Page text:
Check the product website to verify the claim

Another point that helped me identify this Ad listing as fraudulent was checking the original product website. After I saw the flash sale, I searched for Trek bikes website and found no such sale listed on the official website. It made me suspicious and look at this seller’s website more carefully. This may not be possible if you want to buy from a smaller seller, but if a fraudster is impersonating a bigger company, this simple step can save you from great hassle in the future

Check the seller’s website carefully for obvious errors

In this case the website name was something like “bicyce[.]shop” which did not have anything to do with Trek bikes whose official website is trekbikes[.]com This was an obvious mistake and made it easier to spot the fake website. Always look very carefully at the seller’s website for obvious spelling or grammatical errors. Those are typically great indicators of a fraudulent website

Be extra careful while submitting login or credit card information

As part of looking at the website address, be extra careful before entering your login details or credit card information on a website while shopping through an Ad. If the site is not legitimate, you will end up submitting that information to scammers which they can further exploit without your knowledge. It is very common for small sellers to use third party payment services and if a seller is using third party payment service, make sure the website information of that third party is correct. Otherwise you are at the risk of being redirected to some fraudulent website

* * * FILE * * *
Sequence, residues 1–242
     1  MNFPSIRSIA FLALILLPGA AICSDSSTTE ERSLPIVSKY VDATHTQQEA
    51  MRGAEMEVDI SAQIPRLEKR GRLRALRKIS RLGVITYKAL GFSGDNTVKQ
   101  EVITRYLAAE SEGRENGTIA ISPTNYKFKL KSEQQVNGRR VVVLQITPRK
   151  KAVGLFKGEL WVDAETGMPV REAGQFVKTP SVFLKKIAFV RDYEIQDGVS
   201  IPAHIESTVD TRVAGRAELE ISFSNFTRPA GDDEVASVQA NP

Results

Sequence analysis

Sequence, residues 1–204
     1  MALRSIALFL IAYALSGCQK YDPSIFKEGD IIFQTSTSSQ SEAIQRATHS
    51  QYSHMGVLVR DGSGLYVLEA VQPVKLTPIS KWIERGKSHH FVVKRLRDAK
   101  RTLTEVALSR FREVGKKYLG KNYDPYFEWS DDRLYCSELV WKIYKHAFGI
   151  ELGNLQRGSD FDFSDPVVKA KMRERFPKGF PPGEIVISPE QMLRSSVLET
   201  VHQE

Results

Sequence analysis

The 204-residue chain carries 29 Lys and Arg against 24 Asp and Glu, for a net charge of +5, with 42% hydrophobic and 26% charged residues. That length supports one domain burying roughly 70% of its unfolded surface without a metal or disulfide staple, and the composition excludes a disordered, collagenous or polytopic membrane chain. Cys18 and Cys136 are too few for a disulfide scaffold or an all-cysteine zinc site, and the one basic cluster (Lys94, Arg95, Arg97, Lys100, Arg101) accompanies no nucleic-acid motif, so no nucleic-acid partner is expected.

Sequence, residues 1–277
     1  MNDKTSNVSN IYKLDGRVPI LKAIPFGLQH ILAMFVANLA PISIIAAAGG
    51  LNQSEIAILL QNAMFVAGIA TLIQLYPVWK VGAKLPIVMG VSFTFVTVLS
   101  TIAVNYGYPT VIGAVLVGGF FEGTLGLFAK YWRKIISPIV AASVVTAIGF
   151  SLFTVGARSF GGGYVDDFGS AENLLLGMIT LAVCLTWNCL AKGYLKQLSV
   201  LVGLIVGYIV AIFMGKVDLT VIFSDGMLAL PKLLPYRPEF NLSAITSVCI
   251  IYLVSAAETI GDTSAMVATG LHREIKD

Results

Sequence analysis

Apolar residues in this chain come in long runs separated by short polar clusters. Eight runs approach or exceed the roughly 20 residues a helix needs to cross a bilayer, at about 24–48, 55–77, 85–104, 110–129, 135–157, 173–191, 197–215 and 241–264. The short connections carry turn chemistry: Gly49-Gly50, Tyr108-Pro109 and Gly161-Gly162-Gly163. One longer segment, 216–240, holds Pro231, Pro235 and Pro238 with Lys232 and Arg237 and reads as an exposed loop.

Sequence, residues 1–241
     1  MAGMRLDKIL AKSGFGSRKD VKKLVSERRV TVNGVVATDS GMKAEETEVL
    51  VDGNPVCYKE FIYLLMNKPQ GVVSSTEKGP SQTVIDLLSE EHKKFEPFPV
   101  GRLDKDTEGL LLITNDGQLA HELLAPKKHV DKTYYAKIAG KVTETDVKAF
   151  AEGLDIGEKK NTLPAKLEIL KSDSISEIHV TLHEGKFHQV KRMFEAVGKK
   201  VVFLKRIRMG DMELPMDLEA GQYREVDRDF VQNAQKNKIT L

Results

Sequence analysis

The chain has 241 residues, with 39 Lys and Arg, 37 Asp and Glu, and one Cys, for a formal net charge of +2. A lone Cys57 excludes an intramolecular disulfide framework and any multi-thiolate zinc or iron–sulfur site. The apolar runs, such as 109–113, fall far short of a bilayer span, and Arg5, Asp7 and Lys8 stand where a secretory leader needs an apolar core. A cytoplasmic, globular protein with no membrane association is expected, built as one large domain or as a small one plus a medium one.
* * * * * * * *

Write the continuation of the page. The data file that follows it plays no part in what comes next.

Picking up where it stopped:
Do not trust Ads or sellers because they are on a platform you trust

I acted under the assumption that Facebook would have vetted Ad publishers before they even make it to their platform. My assumption was clearly wrong! While looking into this issue, I discovered that there are hundreds of questions submitted by innocent Facebook users asking why Facebook is doing such a terrible job of keeping scam Ads off their platform. Because they are so terrible at stopping the scammers before they get on the platform, it is best to do your due diligence before buying anything from sellers on Social Media sites

In an ideal world I would have expected the companies that make literally billions in Ad revenue to have done a better job at fighting the fraud issue but it seems as if there is no incentive for them to invest enough in these areas. Clear indicator of this is that Facebook hasn’t even listed Ad fraud as a concern on the Privacy, Safety and Security section of their website. It goes on to show how seriously they are looking at the problem or it means by publicly stating that there is a problem, they will be forced to address it.

In any case, we cannot rely on the companies alone to help us stay safe while shopping online and we must do our part as well. Hope that the tips outlined above help you navigate through the Ads online. That’s all for this post and if you found it useful please share with your family and friends. Also check out older posts on the blog for more useful content!